Empty sella syndrome

Empty sella syndrome is the term used to describe the appearance of a small, shrunken or absent pituitary gland on pituitary imaging. Most patients have no symptoms, and generally no treatment is required. If hormone deficiencies are present, hormone replacement therapy should be considered.

Alternative names for empty sella syndrome


What is empty sella syndrome?

Empty sella syndrome

Empty sella syndrome is a rare disorder characterised by the malformation or absence of pituitary gland in sella turcica. The sella turcica is a saddle-shaped depression located in the bone at the base of skull (sphenoid bone), in which resides the pituitary gland. In empty sella syndrome, the sella turcica is either partially filled with cerebrospinal fluid (CSF) with a very small pituitary gland lying in the floor of the sella, or completely filled with cerebrospinal fluid with no visualized pituitary gland (completely empty sella).

Subdivisions of empty sella syndrome

  • primary empty sella syndrome
  • secondary empty sella syndrome

On magnetic resonance imaging (MRI) scans of a normal brain, the pituitary gland would normally almost fill the sella turcica. The pituitary gland usually continues to function normally, but in a minority of cases, it can become underactive (hypopituitarism). Hypopituitarism means deficiency in some or all hormones secreted by pituitary gland.

What are the hormones produced by the pituitary gland?

  • Growth hormone (GH)
  • Adrenocorticotrophic hormone (ACTH)
  • Thyroid-stimulating hormone (TSH)
  • Follicle-stimulating hormone (FSH)
  • Luteinizing hormone (LH)
  • PRL: Prolactin
  • Anti-diuretic hormone (ADH)
  • Oxytocin

What causes empty sella syndrome?

Empty sella syndrome can be due to primary or secondary causes. Primary empty sella syndrome occurs in people who have a weakness in the membrane (diaphragma sellae) that normally covers the pituitary gland. Cerebrospinal fluid is the fluid that flows around the brain. As a result of the weakened membrane, this fluid can leak into the sella turcica and apply pressure on the gland. This can lead to either a flattening of the pituitary gland or expansion of the sella turcica, giving the appearance of an empty sella.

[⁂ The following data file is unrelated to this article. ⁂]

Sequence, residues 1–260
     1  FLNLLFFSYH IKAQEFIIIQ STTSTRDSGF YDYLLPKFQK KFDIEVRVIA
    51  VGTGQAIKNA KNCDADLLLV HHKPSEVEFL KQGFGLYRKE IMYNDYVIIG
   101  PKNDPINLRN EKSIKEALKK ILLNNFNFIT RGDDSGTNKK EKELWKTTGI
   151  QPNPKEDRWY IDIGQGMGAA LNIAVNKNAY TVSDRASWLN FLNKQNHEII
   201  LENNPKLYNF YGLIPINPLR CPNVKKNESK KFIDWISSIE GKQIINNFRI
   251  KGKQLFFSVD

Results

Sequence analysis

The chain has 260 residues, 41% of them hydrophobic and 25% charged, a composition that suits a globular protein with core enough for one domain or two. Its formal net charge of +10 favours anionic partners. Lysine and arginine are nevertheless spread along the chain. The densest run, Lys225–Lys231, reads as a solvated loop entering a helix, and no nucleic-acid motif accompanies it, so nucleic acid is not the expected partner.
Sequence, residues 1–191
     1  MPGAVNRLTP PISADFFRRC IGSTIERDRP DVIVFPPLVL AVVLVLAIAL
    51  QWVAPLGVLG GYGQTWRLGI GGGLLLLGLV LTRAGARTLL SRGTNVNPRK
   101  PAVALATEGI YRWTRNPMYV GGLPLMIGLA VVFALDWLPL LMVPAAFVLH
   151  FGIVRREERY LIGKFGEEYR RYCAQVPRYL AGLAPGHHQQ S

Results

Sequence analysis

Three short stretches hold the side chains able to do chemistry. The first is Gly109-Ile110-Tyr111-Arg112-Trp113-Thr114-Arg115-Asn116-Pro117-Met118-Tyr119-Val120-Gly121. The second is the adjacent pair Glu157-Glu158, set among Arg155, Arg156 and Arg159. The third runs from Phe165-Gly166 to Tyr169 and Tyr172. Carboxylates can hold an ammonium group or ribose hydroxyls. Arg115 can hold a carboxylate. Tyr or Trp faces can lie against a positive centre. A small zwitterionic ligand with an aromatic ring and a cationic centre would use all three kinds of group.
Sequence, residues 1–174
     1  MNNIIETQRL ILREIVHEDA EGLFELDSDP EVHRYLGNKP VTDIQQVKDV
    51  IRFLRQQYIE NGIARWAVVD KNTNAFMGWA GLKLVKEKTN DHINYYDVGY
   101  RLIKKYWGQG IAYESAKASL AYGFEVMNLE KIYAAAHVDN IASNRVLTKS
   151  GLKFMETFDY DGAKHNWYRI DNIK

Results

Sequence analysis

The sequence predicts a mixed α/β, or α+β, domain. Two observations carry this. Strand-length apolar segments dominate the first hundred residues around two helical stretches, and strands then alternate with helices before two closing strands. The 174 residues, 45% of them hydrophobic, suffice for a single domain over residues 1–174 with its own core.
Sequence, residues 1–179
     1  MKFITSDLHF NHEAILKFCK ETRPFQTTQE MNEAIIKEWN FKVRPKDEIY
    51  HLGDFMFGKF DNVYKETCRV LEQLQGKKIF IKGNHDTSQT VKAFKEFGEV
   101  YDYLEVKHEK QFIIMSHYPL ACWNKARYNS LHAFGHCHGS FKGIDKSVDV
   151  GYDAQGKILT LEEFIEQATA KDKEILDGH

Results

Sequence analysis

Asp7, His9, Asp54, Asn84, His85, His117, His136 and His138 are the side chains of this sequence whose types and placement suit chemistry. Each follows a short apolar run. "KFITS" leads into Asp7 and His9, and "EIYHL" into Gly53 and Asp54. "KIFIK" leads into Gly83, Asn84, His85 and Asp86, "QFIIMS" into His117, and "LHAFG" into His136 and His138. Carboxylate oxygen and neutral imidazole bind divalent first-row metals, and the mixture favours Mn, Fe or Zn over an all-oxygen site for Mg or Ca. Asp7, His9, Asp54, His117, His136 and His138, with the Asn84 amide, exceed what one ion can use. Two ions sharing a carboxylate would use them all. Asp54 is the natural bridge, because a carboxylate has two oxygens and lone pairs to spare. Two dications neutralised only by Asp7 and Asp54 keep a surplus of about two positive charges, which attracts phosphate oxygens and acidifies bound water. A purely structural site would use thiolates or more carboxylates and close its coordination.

In secondary empty sella syndrome, the pituitary fossa becomes empty because the pituitary gland has been removed through surgery or shrunk through radiation treatment or because of bleeding in to the pituitary gland which is called pituitary apoplexy.

What are the signs and symptoms of empty sella syndrome?

Most people with empty sella syndrome do not have symptoms and it is often only detected when brain scans are undertaken for other reasons. A minority of people may experience headaches or disturbed vision. Deficiency in the production of one or more pituitary hormones (hypopituitarism) is present in less than 10% of people with primary empty sella syndrome, but is more common in those with secondary empty sella syndrome. See the article on hypopituitarism for further information.

How common is empty sella syndrome?

Evidence from brain imaging techniques suggests that some degree of primary empty sella is common in the normal population and it is more frequently seen in women than men. Pituitary hormone deficiency (hypopituitarism), however, is only present in a small minority of such individuals.

Secondary empty sella syndrome only affects people who have already had treatment for a pituitary disorder. It affects both genders equally.

Is empty sella syndrome inherited?

Empty sella syndrome is not inherited.

How is empty sella syndrome diagnosed?

Empty sella syndrome is diagnosed on computerised tomography (CT) or MRI scans of the pituitary area or brain. It is often identified coincidentally whilst carrying out investigations for other reasons. The patient is investigated as an outpatient. Blood tests are also carried out to make sure the pituitary gland is functioning properly and to check for hormonal deficiencies.

How is empty sella syndrome treated?

Patients with empty sella syndrome who have no symptoms, and with no hormonal dysfunction, do not require any specific treatment. If the patient is deficient in one or more hormones, hormone replacement treatment may be required (see the article on hypopituitarism).

Are there any side-effects to the treatment?

Normal pituitary hormone replacement treatment is not usually associated with any side-effects (see the article on hypopituitarism).

What are the longer-term implications of empty sella syndrome?

Individuals with normal pituitary function require occasional long-term follow-up. Patients needing pituitary hormone replacement treatment require the same management as other patients with hypopituitarism.

Are there patient support groups for people with empty sella syndrome?

Pituitary Foundation may be able to provide advice and support to patients and their families dealing with empty sella syndrome.

Last reviewed: Jan 2022